Good morning my loves!
I am so over the moon excited about today’s post! If you know me at all you’ll know just how much I adored None so Blind and In Two Minds by Alis Hawkins, a superb historical crime fiction duo set in 19th century West Wales. When Emily from Dome Press and Alis contacted me about sharing this with you all today, I honestly squealed. I am so desperate to get my paws on this one and I think you will be too when you see the cover and read the blurb! It is my absolute pleasure to be sharing with you today, the cover for the eagerly anticipated third book in the series, Those Who Know, published by Dome Press in May 2020!
Harry Probert-Lloyd and John Davies are back! In Those Who Know, Harry’s on the election trail, vying to be elected as coroner for the Teifi Valley. To his surprise, he’s been taken up as a political cause by the Liberal party but it’s not just the Tories’ candidate he’s fighting against, it’s also the magistrates and the police force who would rather that their coroner were slightly less thorough – and expensive.
But party support doesn’t come without its downside. Jonas Minnever, Harry’s election agent, wants him out pressing the flesh and wooing the electorate, so when a death is brought to his attention on the campaign trail, Harry finds himself in a bind. Does he give all his attention to the inquest as his conscience and his inclinations tell him he should? Or does he take Minnever’s advice, leave things to John, and confine himself to electioneering?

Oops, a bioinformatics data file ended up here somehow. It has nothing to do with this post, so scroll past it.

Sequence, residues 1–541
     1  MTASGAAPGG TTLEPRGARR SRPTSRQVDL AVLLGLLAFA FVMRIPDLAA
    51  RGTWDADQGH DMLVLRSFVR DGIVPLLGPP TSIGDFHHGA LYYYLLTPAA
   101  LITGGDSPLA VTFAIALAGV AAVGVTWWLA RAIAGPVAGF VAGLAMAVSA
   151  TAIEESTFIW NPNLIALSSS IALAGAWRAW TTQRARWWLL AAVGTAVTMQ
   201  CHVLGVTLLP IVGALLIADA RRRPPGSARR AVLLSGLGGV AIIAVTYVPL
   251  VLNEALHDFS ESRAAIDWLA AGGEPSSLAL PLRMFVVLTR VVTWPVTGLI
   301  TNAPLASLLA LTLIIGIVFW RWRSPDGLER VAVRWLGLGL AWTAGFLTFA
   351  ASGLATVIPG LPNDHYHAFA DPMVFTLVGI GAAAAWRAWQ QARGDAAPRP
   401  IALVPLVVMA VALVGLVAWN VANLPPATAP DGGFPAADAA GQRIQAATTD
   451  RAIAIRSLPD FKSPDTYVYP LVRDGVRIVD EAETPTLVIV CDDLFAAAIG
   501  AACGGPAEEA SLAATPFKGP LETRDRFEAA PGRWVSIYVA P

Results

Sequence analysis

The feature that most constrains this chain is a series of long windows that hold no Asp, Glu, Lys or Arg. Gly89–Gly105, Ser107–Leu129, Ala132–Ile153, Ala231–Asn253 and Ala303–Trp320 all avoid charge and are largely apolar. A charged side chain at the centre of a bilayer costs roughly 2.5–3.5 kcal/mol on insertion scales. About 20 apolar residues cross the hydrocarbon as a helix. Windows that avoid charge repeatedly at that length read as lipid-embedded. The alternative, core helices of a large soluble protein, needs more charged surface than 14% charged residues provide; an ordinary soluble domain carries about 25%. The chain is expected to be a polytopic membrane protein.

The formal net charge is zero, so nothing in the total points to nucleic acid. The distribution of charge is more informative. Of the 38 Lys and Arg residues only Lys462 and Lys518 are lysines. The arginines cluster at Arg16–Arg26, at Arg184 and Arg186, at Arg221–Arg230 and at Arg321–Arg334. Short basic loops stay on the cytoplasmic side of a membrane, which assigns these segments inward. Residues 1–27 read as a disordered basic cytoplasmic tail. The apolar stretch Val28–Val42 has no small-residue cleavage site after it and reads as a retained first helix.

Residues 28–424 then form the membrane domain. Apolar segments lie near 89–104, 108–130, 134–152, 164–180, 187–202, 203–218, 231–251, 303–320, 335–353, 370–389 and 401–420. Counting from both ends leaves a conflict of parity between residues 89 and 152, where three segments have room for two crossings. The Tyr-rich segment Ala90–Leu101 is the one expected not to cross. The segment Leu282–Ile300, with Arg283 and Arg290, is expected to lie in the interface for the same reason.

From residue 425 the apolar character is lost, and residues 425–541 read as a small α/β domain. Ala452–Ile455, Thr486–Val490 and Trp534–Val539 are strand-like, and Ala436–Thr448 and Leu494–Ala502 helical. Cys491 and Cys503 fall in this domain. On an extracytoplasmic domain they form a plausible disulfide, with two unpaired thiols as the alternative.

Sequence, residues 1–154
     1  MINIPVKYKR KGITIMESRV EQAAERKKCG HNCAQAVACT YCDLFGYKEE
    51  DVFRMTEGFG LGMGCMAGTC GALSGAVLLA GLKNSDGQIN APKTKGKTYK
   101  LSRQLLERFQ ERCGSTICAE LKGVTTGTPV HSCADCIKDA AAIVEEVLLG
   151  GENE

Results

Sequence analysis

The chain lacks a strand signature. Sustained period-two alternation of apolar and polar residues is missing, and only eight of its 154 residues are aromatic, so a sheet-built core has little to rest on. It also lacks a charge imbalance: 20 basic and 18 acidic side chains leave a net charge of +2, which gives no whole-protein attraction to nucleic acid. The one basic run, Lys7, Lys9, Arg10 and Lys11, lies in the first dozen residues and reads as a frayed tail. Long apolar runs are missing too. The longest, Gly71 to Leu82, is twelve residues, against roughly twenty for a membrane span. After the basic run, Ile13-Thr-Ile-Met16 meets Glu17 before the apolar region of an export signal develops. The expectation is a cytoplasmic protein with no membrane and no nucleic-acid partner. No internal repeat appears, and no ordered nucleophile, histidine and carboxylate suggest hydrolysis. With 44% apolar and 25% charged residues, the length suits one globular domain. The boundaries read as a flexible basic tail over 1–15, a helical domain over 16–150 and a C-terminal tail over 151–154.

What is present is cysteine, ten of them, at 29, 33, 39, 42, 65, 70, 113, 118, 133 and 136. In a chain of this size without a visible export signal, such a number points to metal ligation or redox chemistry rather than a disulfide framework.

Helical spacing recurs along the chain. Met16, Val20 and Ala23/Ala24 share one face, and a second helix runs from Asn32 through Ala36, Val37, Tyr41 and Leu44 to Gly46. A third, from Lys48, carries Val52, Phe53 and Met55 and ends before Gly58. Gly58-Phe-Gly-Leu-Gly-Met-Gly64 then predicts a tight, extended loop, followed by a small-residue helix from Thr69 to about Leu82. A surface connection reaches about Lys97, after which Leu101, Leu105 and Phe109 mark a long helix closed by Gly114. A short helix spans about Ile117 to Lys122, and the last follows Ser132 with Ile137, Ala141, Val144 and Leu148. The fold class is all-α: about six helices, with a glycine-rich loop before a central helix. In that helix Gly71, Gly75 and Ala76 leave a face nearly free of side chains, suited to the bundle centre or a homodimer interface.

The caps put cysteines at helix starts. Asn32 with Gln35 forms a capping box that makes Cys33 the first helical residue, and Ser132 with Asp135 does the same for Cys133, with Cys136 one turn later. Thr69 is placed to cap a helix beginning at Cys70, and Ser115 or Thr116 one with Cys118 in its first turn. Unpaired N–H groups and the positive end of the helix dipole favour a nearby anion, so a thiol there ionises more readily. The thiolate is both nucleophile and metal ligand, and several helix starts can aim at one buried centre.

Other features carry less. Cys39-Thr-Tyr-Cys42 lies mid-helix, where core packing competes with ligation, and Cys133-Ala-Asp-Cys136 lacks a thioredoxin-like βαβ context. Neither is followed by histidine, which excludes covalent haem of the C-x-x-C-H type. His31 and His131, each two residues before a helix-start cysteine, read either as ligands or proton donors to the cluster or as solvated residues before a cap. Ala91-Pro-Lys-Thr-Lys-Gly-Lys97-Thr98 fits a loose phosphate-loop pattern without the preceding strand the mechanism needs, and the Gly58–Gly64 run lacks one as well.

A middle-way compromise proves equally damaging to both causes and Harry finds himself going into the inquest on Schoolteacher Rowland’s death disastrously badly prepared. The inquest runs out of his control and the outcome threatens to see an innocent man hanged.
In the final week of campaigning, as Harry tries to find a way of re-opening the inquest, his Tory rival suddenly disappears and new evidence comes to light which takes John off to London to investigate. What he discovers leads to an explosive election day and yet more pressure on Harry to act.
In a morally complex case where, it seems, nobody is truly innocent, what is the most just outcome?
Alis Hawkins grew up on a dairy farm in Cardiganshire. After attending the local village primary school and Cardigan County Secondary school, she left West Wales to read English at Oxford. Subsequently, she has has done various things with her life, including becoming a speech and language therapist, bringing up two sons, selling burgers, working with homeless people, and helping families to understand their autistic children.
And writing. Always. Nonfiction (autism related), plays (commissioned by heritage projects) and, of course, novels.
Alis’s first novel, Testament, was published in 2008 by Macmillan and was translated into several languages. (It has recently been acquired for reissue, along with her medieval trilogy of psychological thrillers by Sapere Books).
Her current historical crime series featuring blind investigator Harry Probert-Lloyd and his chippy assistant, John Davies, is set in Cardiganshire in the period immediately after the Rebecca Riots. As a side effect of setting her series there, instead of making research trips to sunny climes like more foresighted writers, she just drives up the M4 to see her family.
Now living with her partner on the wrong side of the Welsh/English border (though she sneaks back over to work for the National Autistic Society in Monmouthshire) Alis speaks Welsh, collects rucksacks and can’t resist an interesting fact.
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A huge thank you once again to Alis and Emily for asking me to share this with you. Have you read None So Blind and In Two Minds? If not, I seriously implore you to do so, in preparation for the release of Those Who Know in May 2020!
Peace and pages